Live Mag

A participant in Zanele Muholi’s portrait series chats to us about the importance of the project

by: Tshepo Mosokotso - 20 September 2016

zanele 1

In all their shapes and sizes, black members of the LGBTI who for the past ten years have posed for portraits in front of activist and photographer Zanele Muholi.

There was a recent opening of the Faces and Phases exhibition at Stevenson’s gallery in Braamfontein, which features black and white portraits of black lesbian women, mostly from South African townships.

Muholi said this is a lifetime project for her, “Faces and Phases is a lifetime project. Those with more portraits on the show are the participants whom I had more access to. I’m still photographing different participants wherever and whenever I could reach each one of them”.

“The journey has been long and hard” she adds, and  continued to pay homage to participant’s bravery and described them as “history makers”.

I spoke to one of the participants in the series, Leboo Phume Leptie, a 25-year-old, queer woman from Kwa-Thema, Springs.

Leboo

Leboo Phume Leptie

Tshepo Mosokotso: How did you become a participant in this project?

Leboo Phume Leptie: She had seen me during an award ceremony (LGBTI Awards) where I won the Best Dressed for 2012. We then met again in Kwa-Thema at a wedding where she took a picture of me and we exchanged numbers. And that’s how I actually became a participant. Like I’m always down for a photoshoot since I love being in front of the camera.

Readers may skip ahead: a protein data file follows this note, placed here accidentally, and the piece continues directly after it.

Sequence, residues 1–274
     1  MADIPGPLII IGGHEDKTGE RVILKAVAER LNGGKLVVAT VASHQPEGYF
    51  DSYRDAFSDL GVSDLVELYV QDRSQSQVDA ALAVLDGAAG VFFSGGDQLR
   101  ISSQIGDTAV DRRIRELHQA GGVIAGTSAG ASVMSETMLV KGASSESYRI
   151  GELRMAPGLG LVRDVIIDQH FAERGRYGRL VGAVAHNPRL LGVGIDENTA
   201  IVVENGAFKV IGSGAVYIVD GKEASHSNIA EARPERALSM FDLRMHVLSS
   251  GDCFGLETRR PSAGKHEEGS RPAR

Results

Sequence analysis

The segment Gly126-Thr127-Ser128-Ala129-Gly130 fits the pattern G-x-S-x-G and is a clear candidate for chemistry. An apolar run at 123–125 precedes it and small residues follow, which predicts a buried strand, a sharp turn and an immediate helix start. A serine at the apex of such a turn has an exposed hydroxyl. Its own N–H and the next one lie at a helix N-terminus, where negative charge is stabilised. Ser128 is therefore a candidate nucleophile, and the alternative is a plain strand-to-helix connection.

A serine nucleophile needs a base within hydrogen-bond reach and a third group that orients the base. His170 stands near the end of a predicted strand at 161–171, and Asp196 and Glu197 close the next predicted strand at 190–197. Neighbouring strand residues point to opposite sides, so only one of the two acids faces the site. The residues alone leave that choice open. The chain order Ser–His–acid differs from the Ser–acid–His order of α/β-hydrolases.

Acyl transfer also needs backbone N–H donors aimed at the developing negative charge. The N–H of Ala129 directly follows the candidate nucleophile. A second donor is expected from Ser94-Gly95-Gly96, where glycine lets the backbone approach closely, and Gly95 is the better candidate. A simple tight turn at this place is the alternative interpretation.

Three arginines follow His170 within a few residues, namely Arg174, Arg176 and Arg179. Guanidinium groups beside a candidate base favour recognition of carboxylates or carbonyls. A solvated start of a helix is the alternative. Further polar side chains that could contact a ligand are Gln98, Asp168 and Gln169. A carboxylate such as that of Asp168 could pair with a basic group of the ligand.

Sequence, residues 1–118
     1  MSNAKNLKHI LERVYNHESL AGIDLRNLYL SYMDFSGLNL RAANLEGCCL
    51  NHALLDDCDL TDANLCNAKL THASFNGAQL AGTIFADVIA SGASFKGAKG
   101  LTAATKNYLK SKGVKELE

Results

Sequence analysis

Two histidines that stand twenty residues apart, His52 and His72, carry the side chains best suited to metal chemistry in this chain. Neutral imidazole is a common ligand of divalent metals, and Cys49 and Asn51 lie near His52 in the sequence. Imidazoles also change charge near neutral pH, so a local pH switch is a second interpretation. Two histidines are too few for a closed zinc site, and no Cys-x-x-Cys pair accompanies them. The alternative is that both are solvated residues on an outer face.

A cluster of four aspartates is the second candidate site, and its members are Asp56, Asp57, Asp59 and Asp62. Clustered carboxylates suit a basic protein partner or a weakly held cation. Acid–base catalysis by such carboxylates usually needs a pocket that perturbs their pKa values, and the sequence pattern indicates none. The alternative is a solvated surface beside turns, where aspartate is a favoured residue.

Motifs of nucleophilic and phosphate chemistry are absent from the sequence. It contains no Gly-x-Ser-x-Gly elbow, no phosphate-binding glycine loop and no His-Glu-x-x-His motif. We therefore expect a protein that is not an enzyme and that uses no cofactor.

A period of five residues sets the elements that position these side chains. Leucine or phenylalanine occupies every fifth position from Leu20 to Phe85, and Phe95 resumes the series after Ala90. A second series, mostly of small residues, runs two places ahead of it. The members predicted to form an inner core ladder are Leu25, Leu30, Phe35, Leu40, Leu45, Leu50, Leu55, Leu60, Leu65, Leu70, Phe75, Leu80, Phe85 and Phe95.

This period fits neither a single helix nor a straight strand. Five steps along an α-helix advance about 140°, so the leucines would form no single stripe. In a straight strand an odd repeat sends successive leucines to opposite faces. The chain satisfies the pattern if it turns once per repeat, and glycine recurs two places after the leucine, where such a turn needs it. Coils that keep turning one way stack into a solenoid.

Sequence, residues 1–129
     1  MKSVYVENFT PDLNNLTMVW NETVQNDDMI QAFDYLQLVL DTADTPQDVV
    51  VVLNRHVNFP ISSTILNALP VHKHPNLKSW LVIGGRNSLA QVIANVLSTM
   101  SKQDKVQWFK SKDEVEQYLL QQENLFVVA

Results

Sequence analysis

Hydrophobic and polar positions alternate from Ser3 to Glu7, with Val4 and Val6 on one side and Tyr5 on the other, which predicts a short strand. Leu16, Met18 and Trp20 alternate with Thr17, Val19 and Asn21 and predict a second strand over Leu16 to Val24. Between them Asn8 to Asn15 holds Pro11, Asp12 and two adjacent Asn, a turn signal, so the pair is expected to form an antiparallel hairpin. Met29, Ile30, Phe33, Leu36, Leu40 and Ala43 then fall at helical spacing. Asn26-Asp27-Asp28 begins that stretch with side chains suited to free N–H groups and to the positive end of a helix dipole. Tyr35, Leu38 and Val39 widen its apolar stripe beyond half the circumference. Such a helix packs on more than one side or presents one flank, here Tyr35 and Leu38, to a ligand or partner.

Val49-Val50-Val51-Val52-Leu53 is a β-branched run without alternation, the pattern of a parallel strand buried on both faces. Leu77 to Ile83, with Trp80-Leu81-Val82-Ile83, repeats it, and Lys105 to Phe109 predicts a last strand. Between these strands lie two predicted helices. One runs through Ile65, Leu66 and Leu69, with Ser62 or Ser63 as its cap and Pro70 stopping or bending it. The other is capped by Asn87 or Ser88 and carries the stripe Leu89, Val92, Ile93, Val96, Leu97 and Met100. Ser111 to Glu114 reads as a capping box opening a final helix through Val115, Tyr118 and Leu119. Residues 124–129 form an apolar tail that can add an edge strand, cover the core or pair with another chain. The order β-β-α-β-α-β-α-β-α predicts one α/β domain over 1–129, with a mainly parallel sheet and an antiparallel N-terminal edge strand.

TM: What do you think this project will achieve?

LPL:  It’s already achieving, I mean we’ve just celebrated 10 years of the Faces and Phases. It reaches out to the masses. If you can just analyse the photos more, you’d see that they tell a story.

TM: Do you feel we need more of these projects?

LPL: Of course we do. But not exactly as serious as this. I believe no one could ever bring the uniqueness Zanele Muholi brings to her images. The more these kinds of projects are done, the more the society will understand us better and actually realise that we are human and that we are not going anywhere even though we are being killed daily for being ourselves.

Follow the project on Facebook and Twitter.

The exhibition is currently running until the 14th of October 2016. Gallery hours are Monday to Friday, 9am to 5pm, and Saturday 10am to 1pm.